There is no easy way to categorize all the places where printing was done, especially in central Europe. My impression was that Meyer ordered the places also according to the language the printers used (taking Latin aside). Therefore, Prague belongs to Germany (apart from being a part of the Old Reich then), as the printers (next to the university, the imperial chancellery) used the German language. Then again, there were sooner or later Czech language printers. All I want to suggest for the moment is do not change the category of te places before we have found here a common solution. It just becomes a mess of what has been until now an orderly structure. Regards Gun Powder Ma 00:48, 16 December 2006 (UTC)

That was, you may recall through the red mist, my original suggestion above (to reorder by language). Plus it avoids you saying Florence is in Greece. And I wonder if those Rabbis in ?Lisbon were printing in Portuguese or Hebrew? Johnbod 00:59, 16 December 2006 (UTC)

Sorry, but next time try putting your facts in a different passage from your diatribe. Listing by language would destroy the 'spread of printing' character IMO pretty much. Also, it is far from being an unambigous criteria. I suggest we replace 'Germany' with 'Holy Roman Empire' which would solve most problems. To do much more is trying to impose technocracy on history, which won't work. We can also add another column for 'language', but actually I would prefer 'comments' here. And "Florence" is anyway a later insertion not done by Meyer. Gun Powder Ma 01:23, 16 December 2006 (UTC)
Well I am am sympathetic to that approach, but really I think the only way is either go "German-language printers" or similar , "Greek-language" "Hebrew"(if so),& leave the rest by country, or use modern territories, which I agree would not be best. All sorts of places (eg Belgium & chunks of Italy) were in the HRE. Johnbod 01:36, 16 December 2006 (UTC)

names in generalEdit

This is a page intended for the non-specialist as well as the specialist, and i think it is better to use the modern names, and the modern countries--otherwise it needs an index. (unsigned comment by DGG)

Totally unhistorical. Would also destroy the 'spread of printing' character pretty much. Gun Powder Ma 01:25, 16 December 2006 (UTC)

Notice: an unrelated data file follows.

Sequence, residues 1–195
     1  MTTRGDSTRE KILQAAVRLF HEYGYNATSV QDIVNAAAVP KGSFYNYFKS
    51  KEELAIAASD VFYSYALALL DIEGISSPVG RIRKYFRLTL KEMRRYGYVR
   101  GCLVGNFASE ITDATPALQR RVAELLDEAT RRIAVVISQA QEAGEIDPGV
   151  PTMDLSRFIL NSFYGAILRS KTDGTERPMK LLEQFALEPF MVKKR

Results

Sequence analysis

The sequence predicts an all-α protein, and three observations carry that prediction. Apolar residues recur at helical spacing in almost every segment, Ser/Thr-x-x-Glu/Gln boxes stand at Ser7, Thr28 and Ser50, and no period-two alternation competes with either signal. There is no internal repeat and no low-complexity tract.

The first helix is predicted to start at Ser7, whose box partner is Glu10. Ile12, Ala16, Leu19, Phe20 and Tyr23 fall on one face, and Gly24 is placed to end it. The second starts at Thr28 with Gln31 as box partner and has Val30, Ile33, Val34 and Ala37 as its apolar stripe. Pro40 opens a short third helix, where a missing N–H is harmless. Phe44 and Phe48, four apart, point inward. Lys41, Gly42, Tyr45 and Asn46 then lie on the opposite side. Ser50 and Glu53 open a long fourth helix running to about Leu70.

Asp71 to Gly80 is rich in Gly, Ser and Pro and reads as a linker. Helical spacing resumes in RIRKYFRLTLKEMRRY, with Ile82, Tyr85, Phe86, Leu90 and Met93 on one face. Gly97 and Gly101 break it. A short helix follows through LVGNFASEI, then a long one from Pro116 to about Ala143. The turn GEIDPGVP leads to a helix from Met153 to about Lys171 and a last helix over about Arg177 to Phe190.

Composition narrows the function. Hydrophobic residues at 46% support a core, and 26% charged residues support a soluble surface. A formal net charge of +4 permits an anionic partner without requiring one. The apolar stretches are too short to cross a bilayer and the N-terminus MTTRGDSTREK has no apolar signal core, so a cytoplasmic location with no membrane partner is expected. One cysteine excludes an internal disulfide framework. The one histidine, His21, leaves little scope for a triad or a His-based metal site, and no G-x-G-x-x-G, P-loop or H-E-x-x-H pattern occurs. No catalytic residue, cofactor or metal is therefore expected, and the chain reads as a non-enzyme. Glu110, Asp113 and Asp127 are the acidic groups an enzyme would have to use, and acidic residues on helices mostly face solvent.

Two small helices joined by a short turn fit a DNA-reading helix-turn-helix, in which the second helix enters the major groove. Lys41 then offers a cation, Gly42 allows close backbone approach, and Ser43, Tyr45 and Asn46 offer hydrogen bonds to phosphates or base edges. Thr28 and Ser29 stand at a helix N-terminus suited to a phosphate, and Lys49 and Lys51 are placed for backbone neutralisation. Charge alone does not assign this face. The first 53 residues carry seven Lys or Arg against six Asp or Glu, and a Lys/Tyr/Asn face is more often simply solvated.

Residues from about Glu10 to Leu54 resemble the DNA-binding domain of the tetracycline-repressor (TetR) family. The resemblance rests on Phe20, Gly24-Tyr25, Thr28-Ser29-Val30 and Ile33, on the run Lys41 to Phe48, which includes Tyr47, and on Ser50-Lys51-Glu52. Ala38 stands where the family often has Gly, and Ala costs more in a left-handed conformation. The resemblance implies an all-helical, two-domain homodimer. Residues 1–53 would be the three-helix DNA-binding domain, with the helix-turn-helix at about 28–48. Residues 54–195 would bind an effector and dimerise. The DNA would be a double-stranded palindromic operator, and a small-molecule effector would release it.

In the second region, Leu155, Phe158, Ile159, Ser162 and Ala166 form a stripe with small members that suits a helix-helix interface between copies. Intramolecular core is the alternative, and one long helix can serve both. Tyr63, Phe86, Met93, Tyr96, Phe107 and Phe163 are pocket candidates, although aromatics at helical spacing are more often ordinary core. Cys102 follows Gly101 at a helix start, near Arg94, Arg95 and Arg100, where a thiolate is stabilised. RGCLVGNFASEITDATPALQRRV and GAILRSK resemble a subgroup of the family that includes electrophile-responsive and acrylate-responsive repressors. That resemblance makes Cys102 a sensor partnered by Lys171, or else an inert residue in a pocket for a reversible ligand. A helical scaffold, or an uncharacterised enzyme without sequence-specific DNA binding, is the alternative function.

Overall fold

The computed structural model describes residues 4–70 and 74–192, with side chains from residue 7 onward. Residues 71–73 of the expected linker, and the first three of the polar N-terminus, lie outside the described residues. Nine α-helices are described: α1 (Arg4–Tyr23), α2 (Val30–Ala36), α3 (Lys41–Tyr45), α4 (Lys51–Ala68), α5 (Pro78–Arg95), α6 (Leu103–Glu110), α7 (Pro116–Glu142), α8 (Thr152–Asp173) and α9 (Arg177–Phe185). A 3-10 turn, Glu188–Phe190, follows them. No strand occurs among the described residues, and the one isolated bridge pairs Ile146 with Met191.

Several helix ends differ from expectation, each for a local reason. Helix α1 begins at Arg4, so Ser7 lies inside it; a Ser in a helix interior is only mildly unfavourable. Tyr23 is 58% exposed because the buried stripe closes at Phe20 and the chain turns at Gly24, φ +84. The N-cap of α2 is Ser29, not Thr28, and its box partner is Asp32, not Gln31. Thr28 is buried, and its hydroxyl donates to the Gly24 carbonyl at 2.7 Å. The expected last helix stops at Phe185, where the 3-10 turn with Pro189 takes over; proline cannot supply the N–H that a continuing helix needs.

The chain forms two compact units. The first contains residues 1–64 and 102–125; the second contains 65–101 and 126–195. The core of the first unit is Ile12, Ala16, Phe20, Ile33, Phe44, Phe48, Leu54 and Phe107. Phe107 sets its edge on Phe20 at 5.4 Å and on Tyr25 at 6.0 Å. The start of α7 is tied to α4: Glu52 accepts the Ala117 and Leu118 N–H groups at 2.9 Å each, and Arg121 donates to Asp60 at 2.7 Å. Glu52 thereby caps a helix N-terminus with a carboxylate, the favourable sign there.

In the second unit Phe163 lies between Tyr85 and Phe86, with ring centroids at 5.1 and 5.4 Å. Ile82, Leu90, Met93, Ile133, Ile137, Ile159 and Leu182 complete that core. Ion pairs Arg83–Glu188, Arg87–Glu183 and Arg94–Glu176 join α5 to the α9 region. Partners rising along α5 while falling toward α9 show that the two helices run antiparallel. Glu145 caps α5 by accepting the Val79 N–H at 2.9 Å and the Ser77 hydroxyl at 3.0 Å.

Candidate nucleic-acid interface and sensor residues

Well, it has the advantage that we need not argue over the history here & can concentrate of verifying the dates and the names in that listing--since the source is a little old. How about (now in ...) or (in what is now...) or see also ... Does anyone here really thinks able to mediate between Eastern European borders? DGG 05:44, 16 December 2006 (UTC)
We would stop arguing about countries and borders and start arguing about languages and dialects. Where again would you draw the exact line between Dutch as a German dialect and Dutch as a separate language? Gun Powder Ma 18:43, 21 December 2006 (UTC)
You are the one who has been insisting on countries. The Dutch/German divide is normally taken pretty much along the current borders, which (near enough) were the borders of Burgundy at the time. Obviously including Belgium in the list is anomalous, but I don't have very strong views on that.

Johnbod 19:03, 21 December 2006 (UTC)

Question: What historical explanatory power could have an entry which says that in 1475 in "Breslau, Poland", a printing press was established? Don't people then automatically assume that

  • Breslau was a Polish city - which it was not.
  • They printed there in Polish - which they did not.
  • That the printing press reached Poland in 1474 - which it did not. Don't they? Gun Powder Ma 20:03, 3 January 2007 (UTC)
Hence I repeat my proposal of Dec 16th above: How about Germany, Austria, and German printers in Central Europe - evades most of these problems?
- You must know it can't stay as Germany, which wasn't true even then Johnbod 20:29, 3 January 2007 (UTC)

Three of the many counter-points coming to my mind:

  • Lack of consistence: Why not "Germany", but "Spain" which was constituted as late as 1707?
  • Lack of unambigousness: "German printers" were also active in many other parts of Europe, especially in Italy. Do you think the readers will understand your differentiation between them and their colleagues in "Central Europe"?
  • Lack of methodology: The concept of language is actually no less problematic than the concept of nationhood or national borders. Was Dutch then a separate language or just another German dialect? Did they print in Castellano or in Spanish? Do we have to say they printed in Middle-English or in English?